FCC to use Title II of the Communications Act:
“Exactly what kind of companies might get tangled up into this regulatory Rubik’s Cube?…Any Internet company that offers a voice application?” … “With this newfound authority, why stop at voice apps? Isn’t voice just another type of data app? As the distinction between network operators and application providers continues to blur at an eye-popping rate, how will the government be able to keep up?”
Is Broadband able to be classified as a common carrier service? The FCC most assuredly believes this is well within its authority – and is exercising these “policies” not just over the agency’s ability to regulate the NET – but if it can be classified as a common carrier service.
Comcast is suing the FCC over its Order sanctioning the company for P2P blocking – so their ability to “regulate” needs to be clearly defined – of course re-defining a government entity is not an easy task… however defining ISPs as common carriers would seem suited to the FCC’s purposes, especially if given Title II’s clear definition of what a common carrier can’t do:
“It shall be unlawful for any common carrier to make any unjust or unreasonable discrimination in charges, practices, classifications, regulations, facilities, or services for or in connection with like communication service, directly or indirectly, by any means or device, or to make or give any undue or unreasonable preference or advantage to any particular person, class of persons, or locality, or to subject any particular person, class of persons, or locality to any undue or unreasonable prejudice or disadvantage.”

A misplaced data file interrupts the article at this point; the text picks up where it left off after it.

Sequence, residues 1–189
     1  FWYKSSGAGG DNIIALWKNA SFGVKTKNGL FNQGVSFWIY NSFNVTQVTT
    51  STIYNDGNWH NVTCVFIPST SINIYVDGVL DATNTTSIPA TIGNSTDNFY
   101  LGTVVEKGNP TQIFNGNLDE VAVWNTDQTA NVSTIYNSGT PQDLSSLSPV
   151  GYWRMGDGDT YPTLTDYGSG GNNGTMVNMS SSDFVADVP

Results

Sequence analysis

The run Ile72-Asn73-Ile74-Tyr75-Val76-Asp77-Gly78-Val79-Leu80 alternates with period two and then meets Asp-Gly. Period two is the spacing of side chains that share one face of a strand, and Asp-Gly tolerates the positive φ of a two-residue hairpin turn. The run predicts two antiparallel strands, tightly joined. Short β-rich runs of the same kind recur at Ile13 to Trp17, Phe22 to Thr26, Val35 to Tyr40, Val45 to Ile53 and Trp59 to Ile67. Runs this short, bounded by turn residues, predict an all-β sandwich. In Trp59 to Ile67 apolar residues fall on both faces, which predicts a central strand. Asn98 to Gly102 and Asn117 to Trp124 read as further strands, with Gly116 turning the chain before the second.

McDowell stated, “At the same time, broadband companies create and maintain software with millions of lines of code inside their systems. They also own app stores that are seamlessly connected to their networks. As technology advances, will the government be able to make the distinctions between applications and networks necessary under a new regulatory regime?… Will it (the government) be able to do so in Internet Time?”
One thing is clear - If we were able to agree on some basic tenets providers could utilize to ensure all accounts are serviceable based upon not only “bandwidth” but also “throughput” most of these arguments would simply be a mute point.
This past October (2009) The FCC laid out its draft for network neutrality rules which appears to allow to the greater extent a “free and open Internet.” The principles already existing from 2005:
- Consumers are entitled to access the lawful Internet content of their choice
- Consumers are entitled to run applications and use services of their choice, subject to the needs of law enforcement
- Consumers are entitled to connect their choice of legal devices that do not harm the network
- Consumers are entitled to competition among network providers, application and service providers, and content providers.
Those principles along with two new additional principles are now going to be made “binding:
- A provider of broadband Internet access service must treat lawful content, applications, and services in a nondiscriminatory manner
- A provider of broadband Internet access service must disclose such information concerning network management and other practices as is reasonably required for users and content, application, and service providers to enjoy the protections specified in this rulemaking
In this ever changing world of the INTERNET - I do not think it is reasonable to agree ISP’s are able to perform Network management based on ambiguity:
- To manage congestion on networks
- To address harmful traffic (viruses, spam)
- To block unlawful content (child porn)
- To block unlawful transfers of content (copyright infringement)
- For “other reasonable network management practices”